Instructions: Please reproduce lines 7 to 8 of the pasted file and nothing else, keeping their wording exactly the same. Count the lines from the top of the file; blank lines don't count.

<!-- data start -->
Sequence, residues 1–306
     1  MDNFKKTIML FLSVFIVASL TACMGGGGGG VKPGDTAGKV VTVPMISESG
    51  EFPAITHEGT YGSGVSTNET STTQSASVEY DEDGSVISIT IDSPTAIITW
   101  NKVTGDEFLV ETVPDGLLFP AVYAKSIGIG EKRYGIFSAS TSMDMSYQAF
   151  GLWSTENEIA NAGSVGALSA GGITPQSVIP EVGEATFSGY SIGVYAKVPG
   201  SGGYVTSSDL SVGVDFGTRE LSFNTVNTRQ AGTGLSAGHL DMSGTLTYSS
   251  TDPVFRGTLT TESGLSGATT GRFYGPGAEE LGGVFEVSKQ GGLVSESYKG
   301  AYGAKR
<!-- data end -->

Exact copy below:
   251  TDPVFRGTLT TESGLSGATT GRFYGPGAEE LGGVFEVSKQ GGLVSESYKG
   301  AYGAKR